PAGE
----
Colored Cows Are Adding Fat To The Milk Supply
While the U.S. milking herd is still predominantly black and white, there’s more colored cows adding high component milk to the nation’s milk supply.
Based on data from the Dairy Herd Improvement Association (DHIA), Holsteins are still the breed of choice, but the number of non-Holstein cows on U.S. dairy farms continues to grow. USDA data from 2014 shows that herds are becoming more mixed as well. While less than 8% of the cow herd are Jerseys, the breed shows up on nearly 30% of dairy operations.
Crossbreeding has become more popular as well as producers look to take advantage of the heterosis effect of more components, greater fertility and better feed efficiency.
All of this additional color is having an effect on the component levels found in the U.S. milk supply. More data from INTL FCStone shows that the fat content in the U.S. milk supply for the month of April has grown steadily since about 2014. For example, even though April U.S. milk production only grew 0.6%, the fat content in milk helped drive up U.S. milk solids production by 1.7%. That number is expected to go even higher when protein values are added in. “This is probably why no one is yelling about the lack of milk out there with only 0.6% growth,” says Nate Donnay with INTL FCStone. “It looks pretty clear that a significant shift in the color of the cows is helping drive the trend in milk components.”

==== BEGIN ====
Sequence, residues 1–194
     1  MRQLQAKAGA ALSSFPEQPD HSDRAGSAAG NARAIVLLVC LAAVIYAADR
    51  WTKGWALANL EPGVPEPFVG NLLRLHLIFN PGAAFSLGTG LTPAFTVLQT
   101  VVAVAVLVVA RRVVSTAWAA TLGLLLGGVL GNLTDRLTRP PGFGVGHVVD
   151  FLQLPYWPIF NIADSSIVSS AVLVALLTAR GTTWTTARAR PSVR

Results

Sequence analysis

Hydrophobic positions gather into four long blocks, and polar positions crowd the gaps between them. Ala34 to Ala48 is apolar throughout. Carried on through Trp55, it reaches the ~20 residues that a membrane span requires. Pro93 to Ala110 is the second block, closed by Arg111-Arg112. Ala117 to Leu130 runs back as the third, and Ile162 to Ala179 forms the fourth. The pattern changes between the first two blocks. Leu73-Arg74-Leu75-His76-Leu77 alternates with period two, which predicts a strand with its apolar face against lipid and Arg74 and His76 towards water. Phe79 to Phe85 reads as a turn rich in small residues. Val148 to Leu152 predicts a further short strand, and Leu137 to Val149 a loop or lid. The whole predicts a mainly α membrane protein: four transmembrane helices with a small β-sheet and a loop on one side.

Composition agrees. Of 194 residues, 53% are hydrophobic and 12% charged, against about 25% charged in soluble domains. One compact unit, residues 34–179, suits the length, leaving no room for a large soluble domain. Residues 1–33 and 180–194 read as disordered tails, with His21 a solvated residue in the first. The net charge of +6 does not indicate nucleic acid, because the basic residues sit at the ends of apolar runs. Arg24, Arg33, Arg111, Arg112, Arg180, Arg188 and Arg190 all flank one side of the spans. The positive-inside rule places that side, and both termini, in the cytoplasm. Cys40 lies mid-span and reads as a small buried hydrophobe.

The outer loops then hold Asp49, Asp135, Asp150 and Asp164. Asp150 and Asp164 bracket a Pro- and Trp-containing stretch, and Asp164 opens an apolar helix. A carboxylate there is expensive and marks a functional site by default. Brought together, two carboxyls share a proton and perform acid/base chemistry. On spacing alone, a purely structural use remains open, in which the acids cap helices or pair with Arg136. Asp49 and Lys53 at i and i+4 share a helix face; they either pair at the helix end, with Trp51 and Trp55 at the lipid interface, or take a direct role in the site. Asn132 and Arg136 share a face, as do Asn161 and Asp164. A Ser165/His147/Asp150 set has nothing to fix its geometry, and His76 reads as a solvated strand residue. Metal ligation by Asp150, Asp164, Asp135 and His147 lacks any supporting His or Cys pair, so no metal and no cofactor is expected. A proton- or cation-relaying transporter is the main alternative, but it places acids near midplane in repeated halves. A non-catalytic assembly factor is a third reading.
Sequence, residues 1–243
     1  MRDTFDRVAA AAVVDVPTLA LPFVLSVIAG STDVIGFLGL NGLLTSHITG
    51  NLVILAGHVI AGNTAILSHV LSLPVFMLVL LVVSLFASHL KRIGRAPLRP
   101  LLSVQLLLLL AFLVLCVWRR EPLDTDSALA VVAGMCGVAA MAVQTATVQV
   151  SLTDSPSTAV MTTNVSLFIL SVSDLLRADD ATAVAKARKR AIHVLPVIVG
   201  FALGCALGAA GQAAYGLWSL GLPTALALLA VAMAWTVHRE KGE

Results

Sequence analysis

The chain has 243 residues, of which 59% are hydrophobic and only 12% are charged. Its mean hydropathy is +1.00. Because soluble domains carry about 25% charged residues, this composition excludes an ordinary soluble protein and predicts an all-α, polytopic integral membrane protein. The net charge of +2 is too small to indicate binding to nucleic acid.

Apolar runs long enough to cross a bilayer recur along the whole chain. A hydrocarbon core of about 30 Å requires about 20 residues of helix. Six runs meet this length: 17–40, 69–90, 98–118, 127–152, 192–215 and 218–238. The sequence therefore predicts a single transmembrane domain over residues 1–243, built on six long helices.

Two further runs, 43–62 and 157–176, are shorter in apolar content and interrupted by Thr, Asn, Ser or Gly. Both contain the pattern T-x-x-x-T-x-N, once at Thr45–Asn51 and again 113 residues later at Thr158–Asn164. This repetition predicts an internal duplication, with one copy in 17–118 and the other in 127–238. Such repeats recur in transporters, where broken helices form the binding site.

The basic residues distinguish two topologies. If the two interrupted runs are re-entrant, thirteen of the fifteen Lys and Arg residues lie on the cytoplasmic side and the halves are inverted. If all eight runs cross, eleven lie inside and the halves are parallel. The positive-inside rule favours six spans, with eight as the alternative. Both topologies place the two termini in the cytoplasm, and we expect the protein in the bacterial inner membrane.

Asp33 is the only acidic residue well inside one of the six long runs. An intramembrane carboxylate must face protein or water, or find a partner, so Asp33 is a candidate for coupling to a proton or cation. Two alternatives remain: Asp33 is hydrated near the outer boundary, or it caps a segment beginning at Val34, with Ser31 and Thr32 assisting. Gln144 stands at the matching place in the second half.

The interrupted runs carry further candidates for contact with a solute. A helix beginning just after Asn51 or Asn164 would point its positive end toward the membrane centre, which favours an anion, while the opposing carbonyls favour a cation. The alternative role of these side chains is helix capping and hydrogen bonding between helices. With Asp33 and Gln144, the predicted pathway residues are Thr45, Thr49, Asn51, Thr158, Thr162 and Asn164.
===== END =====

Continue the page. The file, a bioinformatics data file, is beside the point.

While the breed of the animal affects component production, it’s only one part of the three legged stool that makes up the trend toward higher fat content. Producers are getting better at breeding and feeding cows for higher component production. Donnay looked at the impact management, especially nutrition, has had on the increase in component production. “The increasing solids content is being driven pretty evenly by the breeds and feeding/management, but feeding/management has contributed more to growth.”
Margins have an impact on component levels as producers change feed ingredients based on available cash flow.
“That means we could see component growth slow considerably if we get into another period of low margins,” Donnay says. “But as long as the trend toward more Jersey and cross-bred cows continues it might be hard to actually push components below year-ago levels.”
It will be interesting to see what will happen over the summer months when typically hotter weather usually drops milk components. Real price growth could happen if a drop in components is married with a continued fall-off in production, especially if demand remains strong. Donnay says to get an accurate picture of production growth for both fluid milk and components, add at least 0.5% and as much as 1.5% to get the real amount of growth in the milk supply.